<%@LANGUAGE="JAVASCRIPT" CODEPAGE="1252"%> Scottish Campaign for Nuclear Disarmament
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Nuclear power is not the answer

It seems we have an energy crisis. And a climate change crisis. And Middle Eastern states acquiring nuclear weapons. We also have problems with health service performance, under-resourced and unmanageable schools, demand on the national grid, water running out, suicide bombers attacking us, cancer and leukaemia on the increase and no-one knows how to store radioactive waste.

One answer would be to develop nuclear power. We could hold an inquiry into future electricity production in the UK as the preliminary to an energy review which could make proposals to build 10 new nuclear power plants with untried and untested reactors. This might be a multi-billion pound gamble, but it would take so long to build them, and produce so much depleted uranium waste that terrorists would just wait for the inevitable accident and not bother to attack us – and we would have the perfect excuse for not reducing our carbon emissions for ages.

If there was a problem, the recent alert at Torness shows us how quickly British Energy call in the emergency services, purely as a precaution even if a tiny wee amount of escaped radiation is caused by debris getting into the fuel handling area – nothing to worry about. British Energy director of the plant went on record to state that there have been no radiation leaks at all. (In 2003 British Energy was fined £15,000 for dumping radioactive waste from Torness into the North Sea)

Technical and safety problems dog most of the 1950’s UK nuclear power stations. Because of the discharge of dangerous emissions, they have a stop-start history. The ongoing effect of the emissions on the environment threatens the health of millions, and the proposals for dealing with the new and additional radioactive waste is to carry on as usual; store it. No one knows what else can be done. The devastation wreaked if it leaks or explodes is unimaginable, to say nothing of the potential damage from terrorist attack.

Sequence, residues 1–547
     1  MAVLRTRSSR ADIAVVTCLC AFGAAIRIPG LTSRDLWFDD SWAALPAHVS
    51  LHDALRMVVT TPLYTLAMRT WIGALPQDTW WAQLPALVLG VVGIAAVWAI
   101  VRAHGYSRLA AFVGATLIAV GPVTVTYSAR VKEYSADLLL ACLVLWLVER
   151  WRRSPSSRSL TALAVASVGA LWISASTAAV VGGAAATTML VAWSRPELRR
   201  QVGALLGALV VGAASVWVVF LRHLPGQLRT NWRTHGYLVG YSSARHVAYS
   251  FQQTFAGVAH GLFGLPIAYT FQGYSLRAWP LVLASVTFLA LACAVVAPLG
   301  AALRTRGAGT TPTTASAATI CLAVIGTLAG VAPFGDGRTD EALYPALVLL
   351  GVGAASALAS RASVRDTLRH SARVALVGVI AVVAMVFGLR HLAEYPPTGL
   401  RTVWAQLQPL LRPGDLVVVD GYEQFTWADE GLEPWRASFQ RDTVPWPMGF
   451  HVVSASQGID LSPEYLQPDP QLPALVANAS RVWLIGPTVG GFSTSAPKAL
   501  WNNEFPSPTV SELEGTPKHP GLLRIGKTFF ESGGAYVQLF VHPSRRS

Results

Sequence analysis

Chernobyl was twenty years ago. One year ago, on 15 January 2005 Professor Vasily Nesterenko,a member of the Belarussian Academy of Sciences published an account of why he is of the opinion that we missed a nuclear explosion at Chernobyl by a hair’s breadth. In April, 1986, the researchers of the Physics of Reactors Department of the Institute of Atomic Energy at the Academy in Belarus made calculations which showed the critical mass for an atomic explosion which could produce a force 50 – 80 times greater than the force of the explosion at Hiroshima, resulting in the whole of Europe being exposed to an enormous radioactive contamination. It was estimated that this explosion could occur on 8 or 9 May 1986. Tens of thousands were urgently dispatched to dig a tunnel under the reactor and to install a cooling coil, working in high temperatures and very high levels of radiation. It is impossible to overstate the fact that the total self-sacrifice of these young people prevented a highly likely nuclear explosion. The majority became invalids and more than 20,000 died between the ages of 30 - 40. On 7 May 1986, the fire, which had been raging in block 4, was put out. The people of Europe should be eternally grateful.

There has not been adequate investment in renewable sources of energy, while the investment required for nuclear and the time scale before obtaining a return is vast. Of course the technology is appropriate for developing and building nuclear weapons. There has been no serious consideration given to the need to de centralise and support communities to meet their local energy needs. Is there a question of control involved in maintaining the need for centralisation? It seems illogical to suggest that renewables should be written off in favour of a technology which cannot be tried or tested without massive long term spending - and which we cannot safely stop once we start.

Improving our energy use can have a far more far reaching effect on reducing carbon emissions than scattering depleted uranium around power stations - even without considering the emissions produced during mining and processing the ore to produce the uranium or the treatment, transport and storage of the waste, now and into a very long future.

Decentralising allows local solutions to local needs, and makes buildings that are using small-scale renewable technologies contributors to the local energy networks rather than consumers; this can be applied gradually over years as part of an energy descent plan to counteract the effects of reaching and passing peak oil production. That contribution can come on line at an early stage, rather than after billions of pounds of expenditure, massive organisational, administrative and top-down controls being put into place with major policing to prevent sabotage.

Our government, like the US , is quick to understand the links between nuclear power and nuclear weapons as far as, for example, Iran, is concerned. Would that they could recognise the need to get rid of both at home, and utilise the money, expertise and technology to create a safer, cleaner and renewable future for us all.
Janet Fenton

 


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